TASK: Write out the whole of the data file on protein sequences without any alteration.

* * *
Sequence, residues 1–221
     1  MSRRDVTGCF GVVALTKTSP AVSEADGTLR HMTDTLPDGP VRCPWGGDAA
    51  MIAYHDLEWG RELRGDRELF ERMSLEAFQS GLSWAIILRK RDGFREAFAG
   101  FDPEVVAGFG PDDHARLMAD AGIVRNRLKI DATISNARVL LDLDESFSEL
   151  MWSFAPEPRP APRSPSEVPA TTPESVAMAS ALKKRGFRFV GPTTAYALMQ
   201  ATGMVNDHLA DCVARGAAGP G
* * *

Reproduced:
Sequence, residues 1–221
     1  MSRRDVTGCF GVVALTKTSP AVSEADGTLR HMTDTLPDGP VRCPWGGDAA
    51  MIAYHDLEWG RELRGDRELF ERMSLEAFQS GLSWAIILRK RDGFREAFAG
   101  FDPEVVAGFG PDDHARLMAD AGIVRNRLKI DATISNARVL LDLDESFSEL
   151  MWSFAPEPRP APRSPSEVPA TTPESVAMAS ALKKRGFRFV GPTTAYALMQ
   201  ATGMVNDHLA DCVARGAAGP G